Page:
Maggie Voisin Announces Retirement from Freestyle Skiing

The seven-time X Games medalist and Olympic freestyle skier hailing from Whitefish said "goodbye to the bib, but not the sport"

By Micah Drew
Maggie Voisin, professional freeskier, three-time Olympian and a seven-time X Games medalist, from Whitefish, pictured in Kalispell on Oct. 5, 2022. Hunter D’Antuono | Flathead Beacon

For more than a decade, Whitefish-born skier Maggie Voisin has been a fixture of the U.S. Freestyle Ski Team, wracking up three Winter Olympic appearances and seven X Games medals. But after a slew of injuries along and the loss of her brother shifted her perspective on her career, Voisin announced a hiatus from the competitive world, taking the 2024 season off to pour her energy into the backcountry.

On Thursday, those plans became more firm as Voisin announced in a joint Instagram post with the U.S. Ski Team that after 10 years she is officially taking a step back from the world of freeskiing.

“Saying goodbye to the bib, not to the sport,” the post reads. “We will miss watching her compete but are stoked to continue following her journey in the backcountry (and in the booth?)”

Voisin grew up skiing on Big Mountain as a toddler and joined Whitefish Mountain Resort’s freestyle team at age 9. By the time she was 12, she was dominating her peers at national competitions and was invited to Park City, Utah, to train — a move that became permenant a few years later.

In 2013, Voisin was named the ESPN Rookie of the Year after winning the Association of Freeskiing Professionals’ world championship in Whistler, B.C., and was the only woman competitor to successfully execute a switch 900. She followed that up the next season by becoming the youngest skier, a record since broken, to medal at the X Games; and she became the youngest American in four decades to make an Olympic team when she headed to Sochi, Russia.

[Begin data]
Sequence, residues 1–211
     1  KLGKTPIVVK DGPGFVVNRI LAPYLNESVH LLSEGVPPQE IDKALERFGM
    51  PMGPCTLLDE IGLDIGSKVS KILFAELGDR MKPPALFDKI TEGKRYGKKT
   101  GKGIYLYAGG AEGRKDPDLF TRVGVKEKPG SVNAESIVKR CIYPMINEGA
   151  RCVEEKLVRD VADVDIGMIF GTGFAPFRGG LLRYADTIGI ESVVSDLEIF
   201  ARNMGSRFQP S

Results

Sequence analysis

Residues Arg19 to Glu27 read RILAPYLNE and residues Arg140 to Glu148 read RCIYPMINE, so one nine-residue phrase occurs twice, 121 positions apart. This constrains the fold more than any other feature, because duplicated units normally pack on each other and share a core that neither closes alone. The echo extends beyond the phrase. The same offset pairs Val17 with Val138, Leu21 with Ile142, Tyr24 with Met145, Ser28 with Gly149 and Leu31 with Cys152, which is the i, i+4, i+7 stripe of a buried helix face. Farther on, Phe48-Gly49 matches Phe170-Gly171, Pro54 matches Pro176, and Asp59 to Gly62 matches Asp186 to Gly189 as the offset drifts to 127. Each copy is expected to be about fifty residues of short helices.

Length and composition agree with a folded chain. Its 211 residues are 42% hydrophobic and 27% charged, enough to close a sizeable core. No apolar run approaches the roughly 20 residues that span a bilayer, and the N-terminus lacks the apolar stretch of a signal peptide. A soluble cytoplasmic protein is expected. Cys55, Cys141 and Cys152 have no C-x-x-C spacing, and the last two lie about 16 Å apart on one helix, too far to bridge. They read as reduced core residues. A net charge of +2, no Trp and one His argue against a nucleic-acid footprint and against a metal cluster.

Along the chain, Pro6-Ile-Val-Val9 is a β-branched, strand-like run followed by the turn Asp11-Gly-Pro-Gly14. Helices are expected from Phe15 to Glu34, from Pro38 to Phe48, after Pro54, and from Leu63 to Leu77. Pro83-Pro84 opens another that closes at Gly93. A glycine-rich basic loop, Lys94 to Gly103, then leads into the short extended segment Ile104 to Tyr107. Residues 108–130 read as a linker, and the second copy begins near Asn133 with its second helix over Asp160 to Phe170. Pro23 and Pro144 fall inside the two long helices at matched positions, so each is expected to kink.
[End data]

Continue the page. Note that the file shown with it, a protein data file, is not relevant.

Unfortunately, a crash during a practice run a few days before the Olympics took Voisin off the competitor’s list. Injuries plagued a few of her competitive seasons after that, but four years later she was back on the world’s biggest stage as a member of Team U.S.A. in Pyeongchang, South Korea. After becoming the first American woman to win the X Games just before the Olympics, Voisin was considered a medal contender and was was sitting in third place through much of the competition until the final competitor bumped her off the podium into fourth.

After overcoming additional injuries and the death of her brother ahead of the 2022 Olympics in Beijing, Voisin finished in fifth place in the women’s ski slopestyle competition and 15th in the inaugural ski big air competition.

Maggie Voisin skis in the Alaska backcountry with Teton Gravity Research. Photo by Nic Alegre

In 2023, Voisin planned just three competitions, but wound up skipping them to recover from a minor knee injury. She instead spent most of the winter in the backcountry filming with production companies Good Company and Teton Gravity Research (TGR). She also commentated at X Games Aspen. She continued that trajectory last winter, filming with TGR alongside her childhood friend Parkin Costain.

“I’m excited to put my attention in that direction and see where I take my skiing,” Voisin told the Flathead Beacon in December. “It’s fun to merge the two worlds – putting park tricks into backcountry skiing lines.”